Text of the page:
Each week we will aim to bring out a concise email that provides 4-5 key pieces of information addressing a specific issue in clinical therapeutics.
This week: Antipsychotics and hyperprolactinaemia
Although widely prescribed in aged care facilities and elsewhere, the adverse effects associated with the antipsychotics are relatively common and widely acknowledged. A less well-understood phenomenon is the effects that these drugs can exert upon the serum prolactin concentration, and the clinical consequences of these.
- All antipsychotics have the potential to cause elevated serum prolactin (hyperprolactinaemia), and this effect is thought to be mediated through dopaminergic blockade in a part of the brain called the tuberoinfundibular apparatus. The effect is unrelated to the sedative and antipsychotic effects of these drugs. Older antipsychotic agents such as chlorpromazine and pericyazine pose the greatest risk but second-generation (atypical) antipsychotics, especially risperidone and paliperidone, also often increase prolactin secretion.
- Hyperprolactinemia can seriously compromise quality of life: associated problems include menstrual disturbances, galactorrhea (abnormal production of breast milk/lactation), sexual dysfunction, gynecomastia (enlarged or tender breasts), infertility, decreased bone mineral density, and breast cancer. Although some of these effects are less relevant in the aged care setting, many may be cause to reconsider the approach to clinical management.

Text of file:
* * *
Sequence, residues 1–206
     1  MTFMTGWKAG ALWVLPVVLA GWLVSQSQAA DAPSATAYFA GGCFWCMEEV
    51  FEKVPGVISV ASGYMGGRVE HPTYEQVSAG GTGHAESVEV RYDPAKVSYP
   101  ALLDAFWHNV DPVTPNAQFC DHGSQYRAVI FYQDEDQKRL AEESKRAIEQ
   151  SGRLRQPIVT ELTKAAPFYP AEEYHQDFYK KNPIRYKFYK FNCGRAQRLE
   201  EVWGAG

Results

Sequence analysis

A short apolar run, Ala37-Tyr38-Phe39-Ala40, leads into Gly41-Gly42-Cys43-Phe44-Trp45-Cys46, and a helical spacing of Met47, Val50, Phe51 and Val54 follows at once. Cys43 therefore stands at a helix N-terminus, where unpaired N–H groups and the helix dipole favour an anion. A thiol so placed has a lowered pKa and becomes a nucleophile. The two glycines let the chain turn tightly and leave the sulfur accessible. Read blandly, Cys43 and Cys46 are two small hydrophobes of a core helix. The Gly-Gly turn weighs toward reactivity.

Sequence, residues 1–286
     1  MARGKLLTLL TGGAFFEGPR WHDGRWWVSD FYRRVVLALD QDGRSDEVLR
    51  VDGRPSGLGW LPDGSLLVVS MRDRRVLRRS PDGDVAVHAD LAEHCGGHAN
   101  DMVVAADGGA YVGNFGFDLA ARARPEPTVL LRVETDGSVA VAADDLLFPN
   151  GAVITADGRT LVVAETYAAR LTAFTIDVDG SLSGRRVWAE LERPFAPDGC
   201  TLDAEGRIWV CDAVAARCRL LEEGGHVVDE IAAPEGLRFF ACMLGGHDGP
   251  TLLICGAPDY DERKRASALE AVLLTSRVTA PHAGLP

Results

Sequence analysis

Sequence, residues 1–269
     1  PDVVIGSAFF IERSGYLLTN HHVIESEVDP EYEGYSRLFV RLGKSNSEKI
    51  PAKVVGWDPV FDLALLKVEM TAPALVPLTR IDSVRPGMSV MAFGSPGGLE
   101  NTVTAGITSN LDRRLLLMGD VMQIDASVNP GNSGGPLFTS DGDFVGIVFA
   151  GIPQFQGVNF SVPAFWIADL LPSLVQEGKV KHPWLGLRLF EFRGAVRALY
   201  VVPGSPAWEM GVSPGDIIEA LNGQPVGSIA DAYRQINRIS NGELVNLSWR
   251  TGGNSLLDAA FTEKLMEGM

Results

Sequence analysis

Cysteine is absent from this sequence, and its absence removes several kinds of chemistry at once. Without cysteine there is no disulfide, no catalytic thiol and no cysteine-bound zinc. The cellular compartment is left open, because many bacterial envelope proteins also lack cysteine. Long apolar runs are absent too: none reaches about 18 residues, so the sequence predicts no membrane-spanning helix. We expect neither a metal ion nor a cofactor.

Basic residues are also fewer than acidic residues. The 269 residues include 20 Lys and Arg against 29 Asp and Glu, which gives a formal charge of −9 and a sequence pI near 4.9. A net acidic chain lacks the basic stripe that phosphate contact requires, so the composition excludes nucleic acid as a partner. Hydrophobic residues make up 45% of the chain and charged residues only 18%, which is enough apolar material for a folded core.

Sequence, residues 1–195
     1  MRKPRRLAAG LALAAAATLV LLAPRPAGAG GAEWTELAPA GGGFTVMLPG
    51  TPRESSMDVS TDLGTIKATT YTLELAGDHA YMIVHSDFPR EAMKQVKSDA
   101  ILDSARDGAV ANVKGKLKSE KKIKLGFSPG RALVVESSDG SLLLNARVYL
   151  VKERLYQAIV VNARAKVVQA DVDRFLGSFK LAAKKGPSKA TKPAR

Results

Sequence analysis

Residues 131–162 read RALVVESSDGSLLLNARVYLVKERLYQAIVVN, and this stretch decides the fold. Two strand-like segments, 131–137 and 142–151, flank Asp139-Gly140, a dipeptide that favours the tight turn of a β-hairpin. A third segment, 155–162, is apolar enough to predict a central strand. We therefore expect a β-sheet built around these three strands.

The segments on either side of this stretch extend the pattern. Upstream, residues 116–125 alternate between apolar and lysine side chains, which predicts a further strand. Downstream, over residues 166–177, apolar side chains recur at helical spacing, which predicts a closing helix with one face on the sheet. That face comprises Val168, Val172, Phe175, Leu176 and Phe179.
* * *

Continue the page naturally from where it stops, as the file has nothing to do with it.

- The risk of hyperprolactinemia can be minimised by using the lowest effective dose of the antipsychotic agent. If elevated prolactin is demonstrable upon investigation with blood tests, the drug can be changed to another agent that is less likely to affect prolactin levels; or the dosage should be reduced if possible.
Please consider these issues when preparing or interpreting RMMR reports or education sessions. Contributions of content or suggested topics are welcome and should be sent directly to email@example.com.